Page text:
When Too Much Is Too Much

Far be it from me to defend much of anything Sarah Palin does, but bad heavior does not lend itself to bad behavior in response, nor towards turning a blind eye on anything over the line so long as it is critical of her. So, with that in mind, it bears saying that Andrew Sullivan could really use another, extended, vacation this week. He seems to spend much too much time reading and writing about matters of politics, because as best I can tell he’s lost anything approaching perspective or rationality when the discussion is Sarah Palin.

In case you’ve missed it, it seems that every waking minute of Andrew’s life is devoted to digging up anything negative he can find about Palin and hedging back to a series of rehashed and relentlessly pounded series of points. It’s like reading an anti-Palin version of Sean Hannity, which is to say extremely painful and irritating.

Take this post from today, building off of Palin’s desire, as a small town mayor, not to utilize spokespersons or PR departments and asserting, basically, that no on speaks for her but her:

Telling. She wants all press inquiries to go through her and her alone. No one else can talk for her

The decision to hold no press conference and to demonize a free media is not new for Palin. It makes more sense now the more you read about her record.

Palin’s lack of media access is certainly unprecedented, and rather counterproductive to what you want your VP to be ideally. But it’s hardly relevant to bring up to criticize her for not using a spokesperson and doing her own talking, so to speak. Indeed, it seems to me that it would be rather preferable if politicians and government officials weren’t employing professional spokespersons and public relations experts for the admitted purpose of spinning their message and distorting for the public. And, indeed, it’s extremely contradictory to criticize someone for not talking to the media, and insisting that only she can speak to the media on behalf of herself, in the same, very short, post.

And that’s really the crux of the matter. It’s one thing to blog about Sarah Palin. It’s one thing to blog about her a lot, favorably or unfavorably. Far be it from me to tell people what to write about or how to favor a politician running for office. But the problem here is that Andrew pretty obviously can’t control himself. It’s not that he’s writing about, or criticizing, Sarah Palin frequently, it’s that he just can’t stop doing it, and he can’t hold a consistent train of thought on the matter. Watch this clip from his appearance on Real Time, and tell me that Bill Maher, no fan of Palin to be sure, doesn’t just want to slap him and tell him to stop talking already.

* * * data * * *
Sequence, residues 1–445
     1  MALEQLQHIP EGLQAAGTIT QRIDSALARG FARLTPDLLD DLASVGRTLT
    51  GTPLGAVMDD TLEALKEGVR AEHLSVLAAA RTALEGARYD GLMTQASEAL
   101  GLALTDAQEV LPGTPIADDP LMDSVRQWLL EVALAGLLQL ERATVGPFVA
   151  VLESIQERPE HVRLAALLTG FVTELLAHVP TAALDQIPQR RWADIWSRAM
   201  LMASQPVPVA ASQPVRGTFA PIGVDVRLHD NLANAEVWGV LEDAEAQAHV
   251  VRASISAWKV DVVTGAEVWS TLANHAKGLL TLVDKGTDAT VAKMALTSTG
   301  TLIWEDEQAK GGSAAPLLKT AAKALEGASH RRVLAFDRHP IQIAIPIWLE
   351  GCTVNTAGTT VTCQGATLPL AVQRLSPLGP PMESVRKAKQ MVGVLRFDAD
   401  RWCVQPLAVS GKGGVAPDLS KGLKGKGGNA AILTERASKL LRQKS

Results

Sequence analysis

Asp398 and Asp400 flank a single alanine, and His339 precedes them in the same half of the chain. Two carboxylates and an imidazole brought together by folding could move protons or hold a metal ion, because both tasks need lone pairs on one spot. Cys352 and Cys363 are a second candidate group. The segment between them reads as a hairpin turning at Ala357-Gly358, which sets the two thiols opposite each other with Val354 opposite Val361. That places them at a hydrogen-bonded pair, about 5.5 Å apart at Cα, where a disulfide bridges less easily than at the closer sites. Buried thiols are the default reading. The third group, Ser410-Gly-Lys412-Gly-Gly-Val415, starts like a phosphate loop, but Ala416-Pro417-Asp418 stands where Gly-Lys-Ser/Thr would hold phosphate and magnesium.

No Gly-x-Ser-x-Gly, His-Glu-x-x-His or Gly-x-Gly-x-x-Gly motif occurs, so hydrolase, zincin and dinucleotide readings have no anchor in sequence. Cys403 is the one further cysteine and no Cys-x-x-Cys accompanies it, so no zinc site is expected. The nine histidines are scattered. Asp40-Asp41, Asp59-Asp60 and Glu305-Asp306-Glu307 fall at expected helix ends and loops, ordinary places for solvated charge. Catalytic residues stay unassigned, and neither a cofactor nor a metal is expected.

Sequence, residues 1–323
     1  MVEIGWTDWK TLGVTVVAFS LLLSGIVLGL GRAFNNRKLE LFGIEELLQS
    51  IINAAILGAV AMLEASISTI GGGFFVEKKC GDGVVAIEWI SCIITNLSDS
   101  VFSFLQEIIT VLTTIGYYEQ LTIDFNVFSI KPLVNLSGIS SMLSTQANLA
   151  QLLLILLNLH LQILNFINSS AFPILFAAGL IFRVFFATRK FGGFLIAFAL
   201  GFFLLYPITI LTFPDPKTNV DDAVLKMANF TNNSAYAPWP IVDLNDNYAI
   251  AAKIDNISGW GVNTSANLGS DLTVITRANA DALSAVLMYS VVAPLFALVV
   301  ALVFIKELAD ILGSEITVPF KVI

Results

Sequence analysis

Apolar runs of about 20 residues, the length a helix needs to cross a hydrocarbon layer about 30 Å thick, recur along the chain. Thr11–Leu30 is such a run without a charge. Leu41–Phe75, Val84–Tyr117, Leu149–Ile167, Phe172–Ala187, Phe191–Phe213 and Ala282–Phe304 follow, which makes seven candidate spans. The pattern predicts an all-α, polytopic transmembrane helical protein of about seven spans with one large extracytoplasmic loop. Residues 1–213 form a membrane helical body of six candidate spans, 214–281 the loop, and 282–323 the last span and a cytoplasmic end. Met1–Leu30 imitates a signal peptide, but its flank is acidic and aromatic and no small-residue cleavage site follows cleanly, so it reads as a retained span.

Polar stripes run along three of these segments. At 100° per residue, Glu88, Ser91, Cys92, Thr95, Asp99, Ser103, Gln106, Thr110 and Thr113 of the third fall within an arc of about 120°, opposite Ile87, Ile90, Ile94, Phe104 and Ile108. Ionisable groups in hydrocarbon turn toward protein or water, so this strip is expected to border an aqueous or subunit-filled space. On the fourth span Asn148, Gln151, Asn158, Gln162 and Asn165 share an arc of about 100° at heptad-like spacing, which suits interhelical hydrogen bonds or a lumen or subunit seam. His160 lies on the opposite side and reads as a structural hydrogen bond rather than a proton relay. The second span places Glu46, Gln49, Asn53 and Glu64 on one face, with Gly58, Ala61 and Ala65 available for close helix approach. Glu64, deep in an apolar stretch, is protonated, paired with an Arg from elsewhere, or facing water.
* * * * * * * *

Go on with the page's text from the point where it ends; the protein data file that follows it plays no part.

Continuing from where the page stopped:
Which brings me to arguably the most unseemly aspect of the whole thing; Andrew’s continued obsession with Trig Palin’s parentage. Now, truth be told, I didn’t see much value to this “story” when it first came out. And now, given the multitude of substantive lies Palin traffics in, whether or not she lied about something that’s extremely personal and has almost no political/policy relevance at all seems even more trivial. But as Paul Campos notes, the real problem with it is that Sullivan really hasn’t formed any sound rationale, probable cause if you will, for justifying his continued obsession:

Indeed of everything Palin lied about, lying about who Trig’s mother is might be the most defensible lie she’s uttered, assuming it’s a lie, because her motivations (I suppose) would be to protect her daughter. Which brings up the question of what Sullivan’s theory of the case is at this point. Does he not believe Bristol Palin is pregnant? Does he think Bristol is pregnant but got pregnant a few weeks after giving birth to Trig? Journalists can’t just go about demanding that public figures “prove” things unless they have some genuine basis for doubting the official story. If I started demanding that Obama “prove” he’s the father of his daughters I would quite properly be treated as a crazy person.

For a variety of reasons (Palin’s behavior at the time of the child’s birth, her non-pregnant appearance, Bristol Palin’s disappearance from school) the Trig isn’t Sarah’s baby theory had some superficial X-fileish plausibility before Bristol Palin’s pregnancy was revealed. At this point it seems quite wacky, and it isn’t surprising the McCain campaign is ignoring Sullivan’s increasingly unhinged-sounding demands for “proof.”

At this point, Sullivan has basically become what he professes to hate; someone who has latched on to a myopic hatred and, because of it, can’t see any manner of perspective. At this point, he’s only a matter of degrees away from the people screaming at McCain-Palin rallies.